You may think that all cattle are fed on grass. If they are outside, they will certainly have a diet of grass but the common method of fattening a beast for slaughter is to feed it latterly on a corn based diet so that it puts on weight quickly and can be slaughtered at a younger age. Feeding with corn can be costly, but it also effects the quality of the meat. Research has been done at Bristol University School of Veterinary Science to find out whether grass-fed beef and lamb are superior in quality and taste to those fed intensively on grain.
"A striking finding is that grass-fed beef retains its fresh red colour for longer during retail display than grain-fed beef. The colour difference is linked to higher levels of the antioxidant vitamin E in the muscle of grazed animals. Another clear result was that grazed cattle had higher levels of omega-3 fatty acids than those cattle fed on grains. These include alpha-linolenic acid, which is present in grass and becomes converted to the longer-chain omega-3 fatty acids once inside the animal. Among these fatty acids were the types found in oily fish."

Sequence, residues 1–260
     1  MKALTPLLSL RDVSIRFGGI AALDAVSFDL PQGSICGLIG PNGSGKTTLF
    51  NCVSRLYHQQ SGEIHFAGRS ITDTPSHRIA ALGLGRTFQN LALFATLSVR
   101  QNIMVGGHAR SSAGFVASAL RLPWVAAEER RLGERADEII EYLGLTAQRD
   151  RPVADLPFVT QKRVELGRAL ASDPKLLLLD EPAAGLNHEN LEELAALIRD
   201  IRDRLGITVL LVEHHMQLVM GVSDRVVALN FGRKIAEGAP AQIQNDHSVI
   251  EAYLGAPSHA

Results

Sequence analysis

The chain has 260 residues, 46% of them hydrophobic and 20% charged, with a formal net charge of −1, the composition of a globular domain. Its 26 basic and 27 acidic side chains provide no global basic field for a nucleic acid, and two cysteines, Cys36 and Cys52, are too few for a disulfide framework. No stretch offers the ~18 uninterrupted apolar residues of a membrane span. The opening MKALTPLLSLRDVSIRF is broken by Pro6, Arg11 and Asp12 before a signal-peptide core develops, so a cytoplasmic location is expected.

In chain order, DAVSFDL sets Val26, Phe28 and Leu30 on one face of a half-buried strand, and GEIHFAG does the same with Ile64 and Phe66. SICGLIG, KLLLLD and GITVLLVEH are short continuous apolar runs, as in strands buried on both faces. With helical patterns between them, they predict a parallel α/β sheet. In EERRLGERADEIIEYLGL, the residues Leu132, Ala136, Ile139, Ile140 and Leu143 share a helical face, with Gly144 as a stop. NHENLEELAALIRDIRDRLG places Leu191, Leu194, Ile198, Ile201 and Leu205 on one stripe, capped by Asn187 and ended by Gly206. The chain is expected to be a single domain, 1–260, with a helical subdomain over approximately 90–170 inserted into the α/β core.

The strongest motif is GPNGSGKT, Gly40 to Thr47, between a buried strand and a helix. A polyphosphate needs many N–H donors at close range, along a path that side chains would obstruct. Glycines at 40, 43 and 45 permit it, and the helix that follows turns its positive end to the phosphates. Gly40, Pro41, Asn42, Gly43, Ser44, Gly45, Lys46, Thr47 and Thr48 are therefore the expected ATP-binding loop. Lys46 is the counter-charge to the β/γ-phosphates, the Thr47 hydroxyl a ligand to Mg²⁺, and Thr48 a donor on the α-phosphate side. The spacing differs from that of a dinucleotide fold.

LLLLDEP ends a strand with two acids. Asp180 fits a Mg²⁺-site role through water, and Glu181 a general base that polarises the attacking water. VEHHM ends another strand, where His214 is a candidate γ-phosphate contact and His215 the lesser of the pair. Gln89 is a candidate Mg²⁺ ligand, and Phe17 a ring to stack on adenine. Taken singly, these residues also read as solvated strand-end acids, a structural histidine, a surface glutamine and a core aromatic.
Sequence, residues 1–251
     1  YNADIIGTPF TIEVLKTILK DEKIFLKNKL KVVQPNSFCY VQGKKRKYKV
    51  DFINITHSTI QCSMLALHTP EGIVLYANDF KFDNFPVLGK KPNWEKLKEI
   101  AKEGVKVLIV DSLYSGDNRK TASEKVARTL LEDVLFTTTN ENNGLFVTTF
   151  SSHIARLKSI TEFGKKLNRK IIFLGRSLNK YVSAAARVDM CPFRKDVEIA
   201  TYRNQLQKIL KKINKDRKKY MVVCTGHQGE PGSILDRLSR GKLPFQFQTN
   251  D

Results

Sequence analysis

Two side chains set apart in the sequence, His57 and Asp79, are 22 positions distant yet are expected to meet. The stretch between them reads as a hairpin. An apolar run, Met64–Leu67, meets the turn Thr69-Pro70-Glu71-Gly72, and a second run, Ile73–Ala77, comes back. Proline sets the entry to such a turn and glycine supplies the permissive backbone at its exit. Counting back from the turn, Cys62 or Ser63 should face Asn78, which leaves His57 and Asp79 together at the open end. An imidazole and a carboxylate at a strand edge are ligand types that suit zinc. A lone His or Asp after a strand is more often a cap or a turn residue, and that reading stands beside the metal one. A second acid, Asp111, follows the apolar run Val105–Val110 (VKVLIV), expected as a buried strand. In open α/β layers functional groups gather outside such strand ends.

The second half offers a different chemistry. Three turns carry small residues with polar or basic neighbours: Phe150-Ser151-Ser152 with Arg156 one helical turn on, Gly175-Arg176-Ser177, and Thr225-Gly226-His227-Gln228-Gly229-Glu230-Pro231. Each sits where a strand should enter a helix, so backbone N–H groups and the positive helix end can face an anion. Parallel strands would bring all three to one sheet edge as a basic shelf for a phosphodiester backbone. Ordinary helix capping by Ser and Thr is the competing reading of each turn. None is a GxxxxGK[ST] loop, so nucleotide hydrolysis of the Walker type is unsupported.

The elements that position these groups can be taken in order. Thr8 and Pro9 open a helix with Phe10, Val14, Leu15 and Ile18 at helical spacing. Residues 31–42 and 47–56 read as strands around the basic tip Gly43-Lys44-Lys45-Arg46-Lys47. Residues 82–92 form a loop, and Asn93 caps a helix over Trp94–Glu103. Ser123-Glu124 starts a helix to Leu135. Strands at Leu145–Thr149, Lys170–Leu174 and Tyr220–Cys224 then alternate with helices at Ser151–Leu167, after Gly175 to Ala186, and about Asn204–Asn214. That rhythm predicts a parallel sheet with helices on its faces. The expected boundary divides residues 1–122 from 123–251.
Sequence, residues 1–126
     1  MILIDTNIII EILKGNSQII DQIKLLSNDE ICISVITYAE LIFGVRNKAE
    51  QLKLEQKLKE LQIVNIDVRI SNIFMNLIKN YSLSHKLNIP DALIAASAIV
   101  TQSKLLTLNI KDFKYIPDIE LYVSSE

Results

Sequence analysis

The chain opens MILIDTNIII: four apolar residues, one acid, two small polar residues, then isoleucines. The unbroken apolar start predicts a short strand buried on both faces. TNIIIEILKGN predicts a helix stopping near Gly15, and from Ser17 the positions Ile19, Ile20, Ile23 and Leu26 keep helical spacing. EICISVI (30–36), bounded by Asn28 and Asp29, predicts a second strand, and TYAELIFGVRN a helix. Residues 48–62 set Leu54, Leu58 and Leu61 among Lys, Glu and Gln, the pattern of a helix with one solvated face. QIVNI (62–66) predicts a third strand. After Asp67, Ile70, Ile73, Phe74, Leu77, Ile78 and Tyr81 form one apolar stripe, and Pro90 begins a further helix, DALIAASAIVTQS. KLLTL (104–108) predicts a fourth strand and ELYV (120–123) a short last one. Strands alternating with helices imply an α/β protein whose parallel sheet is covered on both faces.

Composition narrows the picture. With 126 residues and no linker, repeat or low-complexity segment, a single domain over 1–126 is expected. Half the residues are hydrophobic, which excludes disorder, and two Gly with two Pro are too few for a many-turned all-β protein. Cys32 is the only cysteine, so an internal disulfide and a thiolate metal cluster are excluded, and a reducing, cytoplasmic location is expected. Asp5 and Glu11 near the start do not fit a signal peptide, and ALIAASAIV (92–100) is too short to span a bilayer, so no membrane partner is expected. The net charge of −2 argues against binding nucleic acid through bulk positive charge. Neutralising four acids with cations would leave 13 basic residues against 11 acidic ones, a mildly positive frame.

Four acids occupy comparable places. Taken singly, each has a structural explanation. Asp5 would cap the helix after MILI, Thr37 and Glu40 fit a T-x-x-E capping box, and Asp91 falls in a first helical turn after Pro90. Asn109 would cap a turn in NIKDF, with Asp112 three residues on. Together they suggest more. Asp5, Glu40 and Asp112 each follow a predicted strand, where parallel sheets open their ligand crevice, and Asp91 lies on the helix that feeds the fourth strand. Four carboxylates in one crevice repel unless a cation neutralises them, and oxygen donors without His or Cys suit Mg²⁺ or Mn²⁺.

This is Quentin in Jukes Field when the grass was being cut for haymaking. The hay or haylage from the farm is stored for feeding the cattle in winter. No fertlliser is used on the grass, only dung from the sheds on our farm. The pastures are full of red and white clover, so there is no need for nitrogen fertiliser.
This is Oberon, our Red Poll pedigree bull. He arrived here from Simon Prescott's Woldsman Herd in June 2009 when he was 20 months old. He is an excellent example of a beef breeding bull, with a robust bottom. That is where the steaks come from!
Quentin and Maggie EDWARDS, Grass Fed Beef, Cools Farm, East Knoyle, SALISBURY, Wiltshire, SP3 6DB